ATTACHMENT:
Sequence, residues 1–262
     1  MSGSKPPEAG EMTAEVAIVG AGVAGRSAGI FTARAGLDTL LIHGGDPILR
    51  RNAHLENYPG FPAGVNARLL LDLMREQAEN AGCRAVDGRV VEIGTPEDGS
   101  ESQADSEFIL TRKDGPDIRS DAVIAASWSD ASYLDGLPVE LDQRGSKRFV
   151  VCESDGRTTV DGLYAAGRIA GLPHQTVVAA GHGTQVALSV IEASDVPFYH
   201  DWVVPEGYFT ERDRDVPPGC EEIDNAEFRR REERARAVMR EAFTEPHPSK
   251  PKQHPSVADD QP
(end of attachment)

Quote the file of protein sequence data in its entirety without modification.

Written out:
Sequence, residues 1–262
     1  MSGSKPPEAG EMTAEVAIVG AGVAGRSAGI FTARAGLDTL LIHGGDPILR
    51  RNAHLENYPG FPAGVNARLL LDLMREQAEN AGCRAVDGRV VEIGTPEDGS
   101  ESQADSEFIL TRKDGPDIRS DAVIAASWSD ASYLDGLPVE LDQRGSKRFV
   151  VCESDGRTTV DGLYAAGRIA GLPHQTVVAA GHGTQVALSV IEASDVPFYH
   201  DWVVPEGYFT ERDRDVPPGC EEIDNAEFRR REERARAVMR EAFTEPHPSK
   251  PKQHPSVADD QP